is placed between them. 372. Propior, proximus, pridie, pos
tridie often take an Acc. 373. Quam is often omitted after
plus, amplius, minus. 374. For entrust abdy with com
mand,' 'threaten abdy with death,' write in Latin 'entrust command to abdy,' 'threaten
death to abdy.' 376. For “he is dead," the trees
are cut down,' &c., where a completed action is spoken of, the Perfect should be used in
Latin. 377,=Pr., N. S. IX, F, b, (6), b. 379, =Pr., § 141, 6. 383. Licet, necesse est, oportet, often
take Subj. without ut. 384. Nemo has Acc. neminem, Dat.
nemini, but no Gen, or Abl, in Classical Latin. Use nullius,
nullo, for neminis, nemine. 385. See § 117, &, note, of this
By the same Author.
AN ELEMENTARY LATIN GRAMMAR.
Third edition, Revised and Corrected. Extra fcap. 8vo. coth, 25. 6d.
RUDIMENTA LATINA, containing Accidence
and Elementary Exercises, in one volume. In the Press.
A FIRST LATIN EXERCISE BOOK. Fourth
edition. Extra fcap. 8vo. cloth, 25. 6d.
OXFORD: CLARENDON PRESS.
LONDON: HENRY FROWDE, OXFORD UNIVERSITY PRESS WAREHOUSE, AMEN CORNER.
The Clarendon Press, Oxford,
AND PUBLISHED FOR THB UNIVERSITY BY
HENRY FROWDE, AT THE OXFORD UNIVERSITY PRESS WAREHOUSE,
AMEN CORNER, LONDON.
LEXICONS, GRAMMARS, &c. A Greek-English Lexicon, by Henry George Liddell,
D.D., and Robert Scott, D.D. Seventh Edition. 1883. 4to. cloth, 1l. 165. A Greek-English Lexicon, abridged from the above,
chiefly for the use of Schools. 1883. square 12mo. cloth, 75. 6d. A copious Greek-English Vocabulary, compiled from the
best authorities. 1850. 24mo. bound. 35. Graecae Grammaticae Rudimenta in usum Scholarum.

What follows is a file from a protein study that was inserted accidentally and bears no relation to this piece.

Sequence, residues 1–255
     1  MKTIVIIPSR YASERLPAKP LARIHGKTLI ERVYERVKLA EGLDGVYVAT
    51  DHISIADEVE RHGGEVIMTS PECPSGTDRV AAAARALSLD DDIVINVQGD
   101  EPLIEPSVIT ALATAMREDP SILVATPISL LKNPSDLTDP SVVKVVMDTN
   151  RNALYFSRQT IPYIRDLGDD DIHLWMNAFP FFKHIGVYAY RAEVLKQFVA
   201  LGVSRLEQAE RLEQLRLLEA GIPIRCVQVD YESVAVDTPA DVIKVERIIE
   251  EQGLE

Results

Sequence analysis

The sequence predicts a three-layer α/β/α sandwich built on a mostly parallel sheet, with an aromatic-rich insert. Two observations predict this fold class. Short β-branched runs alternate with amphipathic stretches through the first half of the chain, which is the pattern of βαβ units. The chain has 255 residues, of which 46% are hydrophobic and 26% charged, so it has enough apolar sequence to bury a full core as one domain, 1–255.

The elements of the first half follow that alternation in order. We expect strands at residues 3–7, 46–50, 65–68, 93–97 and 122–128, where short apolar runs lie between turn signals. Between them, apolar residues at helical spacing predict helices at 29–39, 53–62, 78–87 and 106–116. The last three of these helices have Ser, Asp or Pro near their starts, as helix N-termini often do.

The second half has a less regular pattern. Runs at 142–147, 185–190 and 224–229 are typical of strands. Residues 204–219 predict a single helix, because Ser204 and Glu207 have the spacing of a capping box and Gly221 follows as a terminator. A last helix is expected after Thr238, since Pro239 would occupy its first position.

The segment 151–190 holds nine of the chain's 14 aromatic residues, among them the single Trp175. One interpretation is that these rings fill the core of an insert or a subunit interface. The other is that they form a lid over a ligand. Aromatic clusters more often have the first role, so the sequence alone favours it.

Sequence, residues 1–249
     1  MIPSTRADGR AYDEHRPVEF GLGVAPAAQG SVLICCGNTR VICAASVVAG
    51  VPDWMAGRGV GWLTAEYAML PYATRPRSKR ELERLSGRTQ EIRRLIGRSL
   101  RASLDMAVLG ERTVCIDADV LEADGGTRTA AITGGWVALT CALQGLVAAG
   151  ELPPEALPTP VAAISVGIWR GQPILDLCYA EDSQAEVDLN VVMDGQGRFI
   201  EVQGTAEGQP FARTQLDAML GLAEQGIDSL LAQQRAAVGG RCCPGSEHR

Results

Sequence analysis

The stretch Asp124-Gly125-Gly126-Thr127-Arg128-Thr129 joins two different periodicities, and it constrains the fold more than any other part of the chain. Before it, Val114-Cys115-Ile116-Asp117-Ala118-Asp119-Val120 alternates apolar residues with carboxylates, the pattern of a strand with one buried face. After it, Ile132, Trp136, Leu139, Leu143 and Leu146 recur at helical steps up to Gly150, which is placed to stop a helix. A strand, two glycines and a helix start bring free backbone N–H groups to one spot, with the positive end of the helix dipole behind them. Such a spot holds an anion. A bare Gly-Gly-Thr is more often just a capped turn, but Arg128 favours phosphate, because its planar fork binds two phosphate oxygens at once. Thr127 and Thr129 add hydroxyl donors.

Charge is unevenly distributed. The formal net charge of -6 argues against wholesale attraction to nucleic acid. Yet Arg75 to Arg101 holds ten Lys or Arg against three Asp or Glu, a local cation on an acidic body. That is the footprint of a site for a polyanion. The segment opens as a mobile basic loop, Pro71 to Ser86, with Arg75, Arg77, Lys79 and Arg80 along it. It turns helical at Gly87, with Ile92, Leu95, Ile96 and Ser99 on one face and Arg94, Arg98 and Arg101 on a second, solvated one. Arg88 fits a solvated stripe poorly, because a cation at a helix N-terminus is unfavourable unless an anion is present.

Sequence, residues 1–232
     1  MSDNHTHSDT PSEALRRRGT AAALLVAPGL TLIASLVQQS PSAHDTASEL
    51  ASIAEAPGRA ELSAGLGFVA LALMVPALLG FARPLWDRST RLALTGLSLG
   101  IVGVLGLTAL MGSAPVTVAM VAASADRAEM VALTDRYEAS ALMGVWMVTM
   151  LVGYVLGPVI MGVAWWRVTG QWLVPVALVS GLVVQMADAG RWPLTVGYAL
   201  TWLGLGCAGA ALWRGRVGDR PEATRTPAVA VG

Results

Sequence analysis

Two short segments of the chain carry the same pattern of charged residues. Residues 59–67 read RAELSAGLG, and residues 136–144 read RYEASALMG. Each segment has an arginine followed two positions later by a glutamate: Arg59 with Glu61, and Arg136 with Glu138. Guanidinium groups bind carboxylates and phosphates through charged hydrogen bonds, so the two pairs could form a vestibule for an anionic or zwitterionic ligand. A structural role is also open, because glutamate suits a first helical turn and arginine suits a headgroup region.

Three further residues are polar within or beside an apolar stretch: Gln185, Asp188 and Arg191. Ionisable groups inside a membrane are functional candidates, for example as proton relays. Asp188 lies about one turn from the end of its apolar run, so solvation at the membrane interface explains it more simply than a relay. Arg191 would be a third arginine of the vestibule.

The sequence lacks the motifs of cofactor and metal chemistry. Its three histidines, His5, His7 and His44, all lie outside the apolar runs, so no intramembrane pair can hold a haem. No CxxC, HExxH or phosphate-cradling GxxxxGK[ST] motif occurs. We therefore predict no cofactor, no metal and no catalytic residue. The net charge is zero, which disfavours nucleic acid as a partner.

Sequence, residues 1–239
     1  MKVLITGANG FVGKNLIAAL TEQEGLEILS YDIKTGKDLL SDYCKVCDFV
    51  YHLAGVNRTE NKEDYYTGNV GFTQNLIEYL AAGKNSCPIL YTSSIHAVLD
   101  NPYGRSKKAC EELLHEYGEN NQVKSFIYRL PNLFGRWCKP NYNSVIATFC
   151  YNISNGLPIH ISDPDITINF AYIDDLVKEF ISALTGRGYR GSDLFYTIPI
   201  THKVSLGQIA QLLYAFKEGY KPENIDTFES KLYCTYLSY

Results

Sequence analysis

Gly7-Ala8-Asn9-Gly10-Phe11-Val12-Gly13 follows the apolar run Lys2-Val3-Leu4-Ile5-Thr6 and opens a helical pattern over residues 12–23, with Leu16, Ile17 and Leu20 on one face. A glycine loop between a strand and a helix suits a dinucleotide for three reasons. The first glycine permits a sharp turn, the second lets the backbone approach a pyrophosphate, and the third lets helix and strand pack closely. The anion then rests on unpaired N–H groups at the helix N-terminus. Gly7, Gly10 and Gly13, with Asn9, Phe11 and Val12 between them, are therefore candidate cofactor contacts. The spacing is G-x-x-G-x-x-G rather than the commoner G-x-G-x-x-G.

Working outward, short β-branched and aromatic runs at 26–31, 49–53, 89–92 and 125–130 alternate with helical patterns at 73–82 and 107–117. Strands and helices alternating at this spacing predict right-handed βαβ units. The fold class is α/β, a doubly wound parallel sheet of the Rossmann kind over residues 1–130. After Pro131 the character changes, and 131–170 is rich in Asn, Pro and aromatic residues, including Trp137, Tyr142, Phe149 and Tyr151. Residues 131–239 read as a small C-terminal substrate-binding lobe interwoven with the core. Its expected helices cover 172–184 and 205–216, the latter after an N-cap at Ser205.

Auctore Carolo Wordsworth, D.C.L. Nineteenth Edition, 1882, 121o. cloth, 4s. Scheller's Lexicon of the Latin Tongue, with the German
explanations translated into English by J. E. Riddle, M.A. fol. cloth, il. is. A Latin Dictionary, founded on Andrews' Edition of
Freund's Latin Dictionary. Revised, enlarged, and in great part re-written, by Charlton T. Lewis, Ph.D., and Charles Short, LL.D. 4to. cloth, il. 55. Practical Grammar of the Sanskrit Language, arranged with reference to the Classical Languages of Europe. for the rise of
English Students. By Monier Williams, M.A. Fourth Edition. 8vo. cloth, 155. A Sanskrit English Dictionary, Etymologically and
Philologically arranged By Monier Williams, M.A, 1872. 4to.cloth, 41. 145. od. An Icelandic-English Dictionary, based on the MS.
collections of the late R. Cleasby. Enlarged and completed by G. Vigfusson.
4to cloth, 31. 75. An Anglo-Saxon Dictionary, based on the MS. collections
of the late Joseph Bosworth, D.D. Edited and enlarged by Professor T.N. Toller, M.Á., Owens College, Manchester. Parts I and II, each 155. To be
completed in four Parts. An Etymological Dictionary of the English Language,
arranged on an Historical basis. By W. W. Skeat, M.A. Second Edition.
4to, cloth, al. 45. A Supplement to the First Edition of the above.
4to. 25. 6d. A Concise Etymological Dictionary of the English